group project

I Hated Group Projects

Throughout high school, college, and graduate school there were two words that always created a sense of dread in me.


I hated group projects. From my perspective they made my life harder and my expectations were always that the results were going to be worse than if I just did the work myself.

As I have shared stories about this with others, it’s clear that a lot of people have similar reactions to group projects.

Leadership Development

Because you’re reading, I’m willing to bet you are one of them.

What’s the problem?

The complaints are all too familiar. If this were Family Feud, the audience would likely have provided these top answers:

  1. One person does the bulk of the work, and others contribute little to nothing.
  2. Working with people you don’t like.
  3. Working with people who have different ideas about what needs to be done and how to do it
  4. Everyone shares equal credit for unequal effort.
  5. Hassles associated with getting everyone together.
  6. Wasting time in pointless meetings.
  7. Slow progress because of the challenges in making a decision.
  8. Being dragged down by weak teammates.

Have I missed any?

The moment I saw the light

I remember sharing a story about a time that I scanned a classroom and quickly identified the classmates I didn’t want on my team. I didn’t want to work with them because I thought they wouldn’t do their fair share.

Imagine my surprise when a workshop participant shared his view that

“Maybe they didn’t want to work with you either because they thought you would be a control freak and try to do everything yourself.”

Touché. Had not considered that…until then.

I already knew that solving major problems, creating new innovations, overcoming market competitors all require the efforts of a team. Still, I didn’t like being forced into a team.

It was the challenge from the participant that finally helped me change my emotional response to group projects.

Group work is the work

While individuals still do the majority of process-oriented work (Pay invoices, answer customer questions, give performance reviews), project work usually involves making some sort of a change. Almost all significant workplace initiatives will be done in a group.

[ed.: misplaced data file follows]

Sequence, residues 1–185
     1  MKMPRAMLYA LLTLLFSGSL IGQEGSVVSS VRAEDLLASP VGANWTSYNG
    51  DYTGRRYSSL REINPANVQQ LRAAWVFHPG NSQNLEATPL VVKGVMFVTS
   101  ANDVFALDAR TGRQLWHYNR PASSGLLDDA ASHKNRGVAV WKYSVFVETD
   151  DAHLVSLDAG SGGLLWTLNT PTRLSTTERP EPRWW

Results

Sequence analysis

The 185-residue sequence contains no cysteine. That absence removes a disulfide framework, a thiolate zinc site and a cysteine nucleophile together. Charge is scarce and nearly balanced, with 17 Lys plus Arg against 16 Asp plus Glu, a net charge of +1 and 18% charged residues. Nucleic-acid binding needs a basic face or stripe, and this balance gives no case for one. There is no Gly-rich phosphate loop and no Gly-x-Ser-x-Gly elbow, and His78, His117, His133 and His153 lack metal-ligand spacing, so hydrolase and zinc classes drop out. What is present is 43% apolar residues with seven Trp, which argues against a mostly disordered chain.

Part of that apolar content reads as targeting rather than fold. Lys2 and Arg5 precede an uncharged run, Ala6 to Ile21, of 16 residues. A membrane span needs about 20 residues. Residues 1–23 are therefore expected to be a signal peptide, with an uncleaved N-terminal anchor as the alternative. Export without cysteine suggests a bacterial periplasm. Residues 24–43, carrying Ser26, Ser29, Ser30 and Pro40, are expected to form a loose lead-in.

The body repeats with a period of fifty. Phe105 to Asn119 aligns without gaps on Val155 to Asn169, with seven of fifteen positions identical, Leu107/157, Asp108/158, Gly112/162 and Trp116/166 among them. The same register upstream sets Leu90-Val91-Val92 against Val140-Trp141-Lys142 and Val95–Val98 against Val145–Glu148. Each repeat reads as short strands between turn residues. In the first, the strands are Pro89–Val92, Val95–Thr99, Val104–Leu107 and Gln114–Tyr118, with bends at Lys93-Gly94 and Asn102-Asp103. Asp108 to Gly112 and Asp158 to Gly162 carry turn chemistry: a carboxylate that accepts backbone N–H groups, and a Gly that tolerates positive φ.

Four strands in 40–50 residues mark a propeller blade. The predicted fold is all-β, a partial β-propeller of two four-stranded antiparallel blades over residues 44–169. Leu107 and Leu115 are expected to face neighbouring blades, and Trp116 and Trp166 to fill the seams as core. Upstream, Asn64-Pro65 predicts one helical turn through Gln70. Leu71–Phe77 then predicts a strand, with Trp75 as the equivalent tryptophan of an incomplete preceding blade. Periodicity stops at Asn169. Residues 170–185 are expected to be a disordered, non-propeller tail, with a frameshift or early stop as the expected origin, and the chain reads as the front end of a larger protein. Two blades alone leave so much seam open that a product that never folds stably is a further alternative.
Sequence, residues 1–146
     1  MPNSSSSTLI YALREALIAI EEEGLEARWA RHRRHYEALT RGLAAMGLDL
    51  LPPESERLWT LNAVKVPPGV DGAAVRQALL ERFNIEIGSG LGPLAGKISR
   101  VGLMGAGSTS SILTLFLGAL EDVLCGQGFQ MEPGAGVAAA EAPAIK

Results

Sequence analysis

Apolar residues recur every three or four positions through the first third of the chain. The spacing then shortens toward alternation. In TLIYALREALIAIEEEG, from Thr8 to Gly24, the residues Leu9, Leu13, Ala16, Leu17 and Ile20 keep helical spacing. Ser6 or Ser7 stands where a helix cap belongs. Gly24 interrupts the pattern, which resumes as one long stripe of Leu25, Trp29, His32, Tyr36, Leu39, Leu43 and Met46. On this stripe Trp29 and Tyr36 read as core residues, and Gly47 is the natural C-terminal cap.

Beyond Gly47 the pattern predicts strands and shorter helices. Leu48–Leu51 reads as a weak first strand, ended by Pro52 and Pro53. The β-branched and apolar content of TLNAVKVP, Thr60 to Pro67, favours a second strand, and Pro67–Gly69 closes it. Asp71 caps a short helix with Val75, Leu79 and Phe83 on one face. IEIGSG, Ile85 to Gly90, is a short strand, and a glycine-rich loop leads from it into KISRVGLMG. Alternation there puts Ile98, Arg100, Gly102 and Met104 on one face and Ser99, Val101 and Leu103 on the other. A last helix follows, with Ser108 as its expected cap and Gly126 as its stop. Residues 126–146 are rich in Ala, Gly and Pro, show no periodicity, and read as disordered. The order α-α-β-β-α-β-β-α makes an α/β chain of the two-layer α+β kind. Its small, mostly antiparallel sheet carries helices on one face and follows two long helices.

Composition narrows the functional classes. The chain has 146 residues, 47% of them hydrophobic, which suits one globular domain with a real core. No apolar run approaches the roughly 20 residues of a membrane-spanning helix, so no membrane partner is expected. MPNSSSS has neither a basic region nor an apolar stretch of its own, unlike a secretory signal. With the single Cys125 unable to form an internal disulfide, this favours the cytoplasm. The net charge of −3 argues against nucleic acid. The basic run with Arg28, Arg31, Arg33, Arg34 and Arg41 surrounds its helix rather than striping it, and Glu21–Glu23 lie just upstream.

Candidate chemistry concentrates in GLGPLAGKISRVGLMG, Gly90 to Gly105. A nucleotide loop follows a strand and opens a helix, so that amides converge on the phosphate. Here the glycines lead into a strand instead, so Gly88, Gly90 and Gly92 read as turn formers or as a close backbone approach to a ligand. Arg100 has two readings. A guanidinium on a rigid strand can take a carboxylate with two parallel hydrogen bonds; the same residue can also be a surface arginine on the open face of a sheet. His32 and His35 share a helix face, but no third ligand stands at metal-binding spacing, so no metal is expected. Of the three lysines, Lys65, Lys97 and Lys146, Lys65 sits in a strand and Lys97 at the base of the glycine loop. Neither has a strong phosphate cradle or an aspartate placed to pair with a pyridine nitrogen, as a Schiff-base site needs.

Take note of all the projects happening around you. Are there any that don’t involve a team?

In many organizations, work is nothing more than a never-ending group project. There are task forces for this and cross-functional teams for that. It’s all about collaboration.

If you are some sort of creative genius, perhaps you can work by yourself and invent cool stuff. For the rest of us, our cool stuff will likely be created with others. Few can say, “I did this.” It’s almost always going to be, “We did this.”

So if you don’t like group work, and find yourself constantly working with others; I image work is a tough place to be. Perhaps you can think of another type of work to do.


How to change your perspective

Maybe you can learn to appreciate group work. It happens when you change your focus from the hassles to the benefits. There are many. Do any of these resonate with you?

  1. Gaining access to skills and experience that you don’t have.
  2. The support of others who are working toward the same goals.
  3. Learning from people who do it differently than you do.
  4. Being around someone who can carry the load when you are having a bad day.
  5. Returning the favor for someone who needs you to step up.
  6. The camaraderie and friendship of having teammates.
  7. Building on an idea you would never have had on your own.
  8. Teaching others what you know and seeing them grow.

Speaking from personal experience, when I struck out on my own in 1996, I lost my colleagues. When I woke up in the morning with a new idea, I could be on it that day. There was nobody whose buy-in I needed. I didn’t have to work through other’s opinions about how my idea might be better.

It was liberating.

But over time I began to miss my colleagues. I had a growing sense that my ideas would be better if they were refined in collaboration with others. I felt the anxiety of not having backup. I missed the intense debates about goals and process. Perhaps it’s always easier to appreciate what you don’t have.

Yes, there are challenges associated with team projects, but informed by the years, I’ve reached the conclusion that the benefits far outweigh the drawbacks.

To tip the scale in your favor, the secret is using solid teamwork practices. Set your team up for success and be amazed by what you can accomplish, together.

Tom LaForce, President, LaForce Teamwork Inc.